I’m currently reading Larry Wasserman’s “All of Statistics” and puzzled by something he wrote in the chapter about estimating statistical functions of nonparametric models.

He wrote

“Sometimes we can find the estimated standard error of a statistical

function by doing some calculations. However in other cases it’s not

obvious how to estimate the standard error”.I’d like to point out that in the next chapter he talks about bootstrap to address this issue, but since I don’t really understand this statement I don’t fully get the incentive behind Bootstrapping?

What example is there for when it’s not obvious how to estimate the standard error?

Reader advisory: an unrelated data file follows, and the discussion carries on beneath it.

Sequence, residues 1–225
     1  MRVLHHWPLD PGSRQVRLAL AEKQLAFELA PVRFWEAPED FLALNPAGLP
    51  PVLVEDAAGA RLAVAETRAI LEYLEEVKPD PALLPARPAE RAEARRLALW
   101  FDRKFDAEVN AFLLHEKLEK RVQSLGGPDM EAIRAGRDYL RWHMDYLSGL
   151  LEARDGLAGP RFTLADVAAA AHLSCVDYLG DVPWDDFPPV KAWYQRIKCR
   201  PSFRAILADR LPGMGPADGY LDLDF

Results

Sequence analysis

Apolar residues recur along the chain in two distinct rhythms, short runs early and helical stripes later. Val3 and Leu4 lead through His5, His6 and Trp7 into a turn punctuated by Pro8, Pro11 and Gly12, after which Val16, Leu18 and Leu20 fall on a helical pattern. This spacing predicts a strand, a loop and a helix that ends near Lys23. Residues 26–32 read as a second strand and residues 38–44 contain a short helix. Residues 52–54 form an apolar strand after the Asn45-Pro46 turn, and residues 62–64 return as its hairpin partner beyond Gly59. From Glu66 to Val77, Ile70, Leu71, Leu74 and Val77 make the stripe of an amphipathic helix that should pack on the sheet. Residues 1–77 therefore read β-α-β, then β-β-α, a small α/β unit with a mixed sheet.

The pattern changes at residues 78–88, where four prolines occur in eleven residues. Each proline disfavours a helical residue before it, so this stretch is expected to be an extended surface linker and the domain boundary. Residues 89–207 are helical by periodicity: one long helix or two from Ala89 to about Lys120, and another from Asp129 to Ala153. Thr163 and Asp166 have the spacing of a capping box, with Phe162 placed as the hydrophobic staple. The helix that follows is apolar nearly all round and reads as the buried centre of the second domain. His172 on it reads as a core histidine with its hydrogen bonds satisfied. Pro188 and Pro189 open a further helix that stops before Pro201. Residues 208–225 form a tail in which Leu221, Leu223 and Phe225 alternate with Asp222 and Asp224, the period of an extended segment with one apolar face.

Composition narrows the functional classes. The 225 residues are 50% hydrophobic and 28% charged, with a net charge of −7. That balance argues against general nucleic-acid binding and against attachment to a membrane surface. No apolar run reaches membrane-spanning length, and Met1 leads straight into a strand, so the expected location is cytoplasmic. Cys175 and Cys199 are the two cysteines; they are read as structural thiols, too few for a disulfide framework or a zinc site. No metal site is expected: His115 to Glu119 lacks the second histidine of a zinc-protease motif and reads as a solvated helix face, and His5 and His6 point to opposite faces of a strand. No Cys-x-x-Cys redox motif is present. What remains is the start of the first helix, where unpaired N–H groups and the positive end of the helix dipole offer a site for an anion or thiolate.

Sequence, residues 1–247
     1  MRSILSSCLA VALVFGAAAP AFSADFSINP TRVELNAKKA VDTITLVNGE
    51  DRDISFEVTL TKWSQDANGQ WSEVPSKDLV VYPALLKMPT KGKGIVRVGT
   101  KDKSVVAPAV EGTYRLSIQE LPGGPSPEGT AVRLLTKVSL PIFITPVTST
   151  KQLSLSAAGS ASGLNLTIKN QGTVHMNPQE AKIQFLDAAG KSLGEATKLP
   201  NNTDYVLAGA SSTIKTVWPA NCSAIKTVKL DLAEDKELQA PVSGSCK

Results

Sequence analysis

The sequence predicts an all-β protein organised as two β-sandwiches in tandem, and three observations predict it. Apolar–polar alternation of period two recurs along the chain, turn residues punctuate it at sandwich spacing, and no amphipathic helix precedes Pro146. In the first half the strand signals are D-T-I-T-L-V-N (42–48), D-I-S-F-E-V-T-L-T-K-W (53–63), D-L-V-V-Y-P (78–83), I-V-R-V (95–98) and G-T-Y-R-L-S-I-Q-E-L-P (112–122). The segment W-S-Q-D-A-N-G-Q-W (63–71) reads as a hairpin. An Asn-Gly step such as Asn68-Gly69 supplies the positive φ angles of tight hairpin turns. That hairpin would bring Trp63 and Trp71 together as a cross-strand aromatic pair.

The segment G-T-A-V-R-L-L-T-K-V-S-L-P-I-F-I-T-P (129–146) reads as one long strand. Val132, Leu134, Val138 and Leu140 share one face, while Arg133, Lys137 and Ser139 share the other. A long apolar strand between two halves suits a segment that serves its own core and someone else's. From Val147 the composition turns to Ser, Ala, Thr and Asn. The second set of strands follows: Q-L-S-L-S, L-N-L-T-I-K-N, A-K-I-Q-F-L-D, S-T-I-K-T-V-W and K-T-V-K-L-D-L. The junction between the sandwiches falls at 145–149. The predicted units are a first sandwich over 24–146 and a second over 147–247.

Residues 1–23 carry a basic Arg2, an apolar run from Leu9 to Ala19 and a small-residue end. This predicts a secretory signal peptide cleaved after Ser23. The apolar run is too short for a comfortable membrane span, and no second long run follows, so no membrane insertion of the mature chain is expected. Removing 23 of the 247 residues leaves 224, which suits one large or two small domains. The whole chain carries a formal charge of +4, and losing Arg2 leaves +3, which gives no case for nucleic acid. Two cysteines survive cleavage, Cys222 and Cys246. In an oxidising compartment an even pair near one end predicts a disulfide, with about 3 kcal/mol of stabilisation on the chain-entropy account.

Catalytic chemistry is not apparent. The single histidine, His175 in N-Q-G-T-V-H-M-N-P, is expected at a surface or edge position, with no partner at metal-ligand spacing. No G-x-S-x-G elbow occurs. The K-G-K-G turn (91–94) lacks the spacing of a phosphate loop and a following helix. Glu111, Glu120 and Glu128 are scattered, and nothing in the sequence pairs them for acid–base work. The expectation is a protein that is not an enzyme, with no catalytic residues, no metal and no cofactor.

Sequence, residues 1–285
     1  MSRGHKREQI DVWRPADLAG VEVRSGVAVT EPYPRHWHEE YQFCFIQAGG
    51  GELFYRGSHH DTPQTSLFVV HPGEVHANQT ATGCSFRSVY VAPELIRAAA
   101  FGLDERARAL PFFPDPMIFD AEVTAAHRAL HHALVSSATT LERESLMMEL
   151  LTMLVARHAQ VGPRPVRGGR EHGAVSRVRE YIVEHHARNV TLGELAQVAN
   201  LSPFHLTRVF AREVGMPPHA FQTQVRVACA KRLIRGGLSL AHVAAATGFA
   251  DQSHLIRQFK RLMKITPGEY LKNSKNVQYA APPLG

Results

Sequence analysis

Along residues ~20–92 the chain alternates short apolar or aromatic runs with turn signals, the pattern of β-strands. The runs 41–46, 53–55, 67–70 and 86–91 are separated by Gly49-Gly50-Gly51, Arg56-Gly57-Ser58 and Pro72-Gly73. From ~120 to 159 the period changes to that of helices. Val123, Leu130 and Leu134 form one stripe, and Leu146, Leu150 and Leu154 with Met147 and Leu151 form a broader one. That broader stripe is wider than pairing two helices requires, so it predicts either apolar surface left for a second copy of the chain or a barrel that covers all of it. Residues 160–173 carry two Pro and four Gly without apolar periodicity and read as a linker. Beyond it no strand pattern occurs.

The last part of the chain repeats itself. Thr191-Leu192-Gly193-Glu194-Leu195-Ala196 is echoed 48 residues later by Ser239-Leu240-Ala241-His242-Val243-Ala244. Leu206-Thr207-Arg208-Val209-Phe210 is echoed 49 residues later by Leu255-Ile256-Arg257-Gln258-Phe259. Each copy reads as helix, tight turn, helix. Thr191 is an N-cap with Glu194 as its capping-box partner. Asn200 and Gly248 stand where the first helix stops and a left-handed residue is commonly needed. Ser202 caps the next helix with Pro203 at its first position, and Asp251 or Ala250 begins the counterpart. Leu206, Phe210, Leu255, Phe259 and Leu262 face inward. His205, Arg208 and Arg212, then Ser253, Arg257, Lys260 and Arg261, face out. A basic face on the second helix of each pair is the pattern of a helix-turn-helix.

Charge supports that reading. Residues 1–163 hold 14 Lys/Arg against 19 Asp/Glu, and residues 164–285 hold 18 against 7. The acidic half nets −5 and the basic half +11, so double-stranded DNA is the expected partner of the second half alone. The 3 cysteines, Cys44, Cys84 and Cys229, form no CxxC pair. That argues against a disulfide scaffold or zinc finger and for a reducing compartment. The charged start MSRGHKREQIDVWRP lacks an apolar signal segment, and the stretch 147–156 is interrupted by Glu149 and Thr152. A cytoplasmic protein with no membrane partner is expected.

All the examples I’ve seen so far have been “obvious” such as X1,...Xn Ber(p) then ^se(ˆpn)=√ˆp⋅(1−ˆp)/n

**Answer**

Two answers.

- What’s the standard error of the ratio of two means? What’s the standard error of the median? What’s the standard error of any complex statistic? Maybe there’s a closed form equation, but it’s possible that no one has worked it out yet.
- In order to use the formula for (say) the standard error of the mean, we must make some assumptions. If those assumptions are violated, we can’t necessarily use the method. As @Whuber points out in the comments, bootstrapping allows us to relax some of these assumptions and hence might provide more appropriate standard errors (although it may also make additional assumptions).

**Attribution***Source : Link , Question Author : matanc1 , Answer Author : Jeremy Miles*